Getting the contract right from the get-go saves you from costly disputes and arbitration in the future.
While negotiations for legal agreements may be time-consuming and sometimes frustrating, it’s essential to be consistent and keep the end goal in mind. To that end, we’ve compiled some tips to help you navigate the process.
Set priorities and objectives
According to the best contract negotiation training courses, it’s improbable that you’ll get everything you ask for no matter how exceptional you are. That’s why it’s important to have clear priorities going into the discussions.
Ask yourself, what are the most important outcomes of the agreement? Which stipulations are you willing to overlook?
By setting your priorities, you can focus on fighting the most important battles. Bring these issues to the fore and be willing to retreat on lower priority issues.
If you focus your energy on trying to win on every little detail, you will waste a lot of time plus the process will likely end in frustration with no joy for either side.
Break the discussions into smaller parts
Trying to get a blanket agreement on a large contract that covers several issues will likely hinder discussions. These hindrances often lead to all or nothing stalemates or even disintegration of the talks.
To avoid unnecessary deadlocks, trained negotiators suggest breaking down issues so you can discuss each part of the contract in phases. When you reach an agreement on one leg, you can proceed to the next, inching towards the end goal.
Find out the other side’s expected outcomes
It’s important to find out as much information as possible about the business and individuals sitting across the proverbial table.
Conduct some research to establish their interests, goals, motives, and pain points. When you know more about the other side, you can determine which areas can give you leverage. For instance:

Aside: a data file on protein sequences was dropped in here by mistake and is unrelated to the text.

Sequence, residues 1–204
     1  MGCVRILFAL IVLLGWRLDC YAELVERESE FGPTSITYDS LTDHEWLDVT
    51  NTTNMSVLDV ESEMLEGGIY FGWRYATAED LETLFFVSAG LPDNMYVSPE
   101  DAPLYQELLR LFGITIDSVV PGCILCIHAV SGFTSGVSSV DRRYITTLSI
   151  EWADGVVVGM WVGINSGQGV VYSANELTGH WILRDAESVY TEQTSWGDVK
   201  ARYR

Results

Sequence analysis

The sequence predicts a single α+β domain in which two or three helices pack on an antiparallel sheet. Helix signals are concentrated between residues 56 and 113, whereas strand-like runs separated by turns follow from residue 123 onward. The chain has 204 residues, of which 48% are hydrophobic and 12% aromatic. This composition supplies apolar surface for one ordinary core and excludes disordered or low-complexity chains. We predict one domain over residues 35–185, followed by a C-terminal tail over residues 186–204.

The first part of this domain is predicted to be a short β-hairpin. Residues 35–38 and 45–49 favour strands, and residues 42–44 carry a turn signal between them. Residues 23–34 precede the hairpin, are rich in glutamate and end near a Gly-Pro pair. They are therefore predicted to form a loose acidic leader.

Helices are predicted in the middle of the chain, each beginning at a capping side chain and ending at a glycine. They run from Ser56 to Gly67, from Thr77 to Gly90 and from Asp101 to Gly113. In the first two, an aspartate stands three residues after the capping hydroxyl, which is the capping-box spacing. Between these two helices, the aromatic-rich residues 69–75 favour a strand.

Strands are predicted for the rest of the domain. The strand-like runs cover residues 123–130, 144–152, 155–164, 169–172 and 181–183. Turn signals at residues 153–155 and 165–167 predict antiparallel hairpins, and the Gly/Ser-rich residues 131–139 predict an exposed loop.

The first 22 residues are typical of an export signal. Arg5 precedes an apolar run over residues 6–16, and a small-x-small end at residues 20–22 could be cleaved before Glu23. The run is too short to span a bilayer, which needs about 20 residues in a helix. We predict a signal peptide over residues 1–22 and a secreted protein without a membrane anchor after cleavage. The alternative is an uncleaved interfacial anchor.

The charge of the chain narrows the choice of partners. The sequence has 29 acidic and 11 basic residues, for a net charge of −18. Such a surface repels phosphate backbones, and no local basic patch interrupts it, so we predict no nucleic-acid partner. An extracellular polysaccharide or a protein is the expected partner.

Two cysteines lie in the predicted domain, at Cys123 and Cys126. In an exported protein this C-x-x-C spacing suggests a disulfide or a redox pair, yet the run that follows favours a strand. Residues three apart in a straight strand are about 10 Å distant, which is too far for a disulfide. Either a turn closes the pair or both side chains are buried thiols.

- Communication. Learning more about the other person can improve how you communicate. For instance, you can find common interests for small talk to lighten the mood.
- Style: Researching the other side’s negotiating style beforehand can help you plan your strategy to increase your chances of success.
Separate people and emotions from issues
Contract negotiations can be intense affairs, fraught with emotions and rising tempers. However, it’s important to remember that these discussions are just business so it is best to avoid bringing emotions into the mix.
Personal feelings and thoughts are likely to cloud your judgment which may lead to a lack of progress in the discussions. Instead, keep your eyes fixed on the facts.
It’s also important to control emotional outbursts and remain calm throughout the negotiations. Staying level-headed can bring clarity and mutual understanding, which can help move the talks along faster.
When either side looks like they are getting overly excited or enraged, it’s usually best to call a time-out to prevent the situation from spiraling out of control.
It takes a lot of effort to keep a lid on your emotions, so it is best to train to control your flare-ups until you get it right. It helps to practice emotional control techniques such as:
- deep breathing to signal your brain to calm down
- counting to disrupt your brain’s thought patterns and giving yourself a minute to recollect your thoughts
- physical activity to stimulate the release of endorphins
Avoid rushing the process
Rushing through the negotiations can result in avoidable concessions and hasty decisions that will affect how you run your business throughout the contract’s lifespan. So, it’s important to pace yourself to ensure that you get every step of the process right.
Also, consider creating a draft document that both negotiating sides can go over to ensure that everyone agrees on all the terms of the contract.
Where possible, take control of the discussion by setting the agenda so you can control the pace and timing of the issues discussed. However, remember not to slow down the pace to such an extent that you frustrate the other side. If you calculate that the other side is under time pressure, then slowing proceedings down can be a tactic to employ in order to gain concessions.
Concluding better contracts
Start with clear objectives and break down the contract terms so you can discuss each part separately. Then work your way through all the issues at a moderate pace. Remember to take time to find out more about the other side.
Finally, keep emotions out of the discussions. You may not master the art of managing your emotions the first time, so consider training and rehearsing until you work out how to keep contract negotiations neutral and non-emotional.